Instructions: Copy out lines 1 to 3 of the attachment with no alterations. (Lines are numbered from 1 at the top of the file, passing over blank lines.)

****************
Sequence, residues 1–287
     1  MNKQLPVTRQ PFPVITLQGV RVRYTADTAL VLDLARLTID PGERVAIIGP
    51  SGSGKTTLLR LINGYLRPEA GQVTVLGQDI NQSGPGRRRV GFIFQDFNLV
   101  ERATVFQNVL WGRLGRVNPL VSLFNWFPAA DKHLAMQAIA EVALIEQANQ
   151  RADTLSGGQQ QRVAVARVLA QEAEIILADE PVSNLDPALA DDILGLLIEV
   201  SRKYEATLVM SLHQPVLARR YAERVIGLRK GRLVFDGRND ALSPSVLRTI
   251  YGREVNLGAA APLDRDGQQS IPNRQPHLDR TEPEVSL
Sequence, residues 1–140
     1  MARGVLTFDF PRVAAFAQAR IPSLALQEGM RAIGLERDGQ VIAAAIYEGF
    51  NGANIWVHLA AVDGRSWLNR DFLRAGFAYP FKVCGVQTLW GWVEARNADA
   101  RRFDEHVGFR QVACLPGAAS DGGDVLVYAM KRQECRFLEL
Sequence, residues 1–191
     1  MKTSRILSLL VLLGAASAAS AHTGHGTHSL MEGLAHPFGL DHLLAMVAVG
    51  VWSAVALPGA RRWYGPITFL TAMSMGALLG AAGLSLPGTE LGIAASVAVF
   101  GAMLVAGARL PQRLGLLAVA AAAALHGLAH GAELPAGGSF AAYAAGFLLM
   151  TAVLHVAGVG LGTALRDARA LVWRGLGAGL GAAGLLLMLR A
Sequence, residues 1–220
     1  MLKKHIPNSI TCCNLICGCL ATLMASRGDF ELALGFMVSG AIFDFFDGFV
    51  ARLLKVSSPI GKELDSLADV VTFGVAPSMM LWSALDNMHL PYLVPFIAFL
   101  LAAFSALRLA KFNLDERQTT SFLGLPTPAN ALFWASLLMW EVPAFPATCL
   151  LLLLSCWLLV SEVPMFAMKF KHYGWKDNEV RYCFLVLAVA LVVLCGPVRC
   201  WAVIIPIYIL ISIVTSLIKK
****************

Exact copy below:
Sequence, residues 1–287
     1  MNKQLPVTRQ PFPVITLQGV RVRYTADTAL VLDLARLTID PGERVAIIGP
    51  SGSGKTTLLR LINGYLRPEA GQVTVLGQDI NQSGPGRRRV GFIFQDFNLV